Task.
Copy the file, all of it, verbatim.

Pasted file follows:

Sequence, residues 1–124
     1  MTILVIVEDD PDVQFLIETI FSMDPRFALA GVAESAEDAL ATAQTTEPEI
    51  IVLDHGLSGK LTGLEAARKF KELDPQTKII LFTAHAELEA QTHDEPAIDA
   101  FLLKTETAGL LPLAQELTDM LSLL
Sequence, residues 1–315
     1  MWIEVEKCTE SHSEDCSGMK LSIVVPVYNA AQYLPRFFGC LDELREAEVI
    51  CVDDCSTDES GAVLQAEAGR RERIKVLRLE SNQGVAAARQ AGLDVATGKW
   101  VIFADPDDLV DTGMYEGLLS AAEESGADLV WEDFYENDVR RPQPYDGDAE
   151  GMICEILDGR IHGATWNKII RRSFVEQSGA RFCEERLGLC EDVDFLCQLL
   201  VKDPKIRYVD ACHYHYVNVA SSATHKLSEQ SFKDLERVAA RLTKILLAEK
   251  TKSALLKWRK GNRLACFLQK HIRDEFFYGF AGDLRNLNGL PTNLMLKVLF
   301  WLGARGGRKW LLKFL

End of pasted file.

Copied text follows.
Sequence, residues 1–124
     1  MTILVIVEDD PDVQFLIETI FSMDPRFALA GVAESAEDAL ATAQTTEPEI
    51  IVLDHGLSGK LTGLEAARKF KELDPQTKII LFTAHAELEA QTHDEPAIDA
   101  FLLKTETAGL LPLAQELTDM LSLL
Sequence, residues 1–315
     1  MWIEVEKCTE SHSEDCSGMK LSIVVPVYNA AQYLPRFFGC LDELREAEVI
    51  CVDDCSTDES GAVLQAEAGR RERIKVLRLE SNQGVAAARQ AGLDVATGKW
   101  VIFADPDDLV DTGMYEGLLS AAEESGADLV WEDFYENDVR RPQPYDGDAE
   151  GMICEILDGR IHGATWNKII RRSFVEQSGA RFCEERLGLC EDVDFLCQLL
   201  VKDPKIRYVD ACHYHYVNVA SSATHKLSEQ SFKDLERVAA RLTKILLAEK
   251  TKSALLKWRK GNRLACFLQK HIRDEFFYGF AGDLRNLNGL PTNLMLKVLF
   301  WLGARGGRKW LLKFL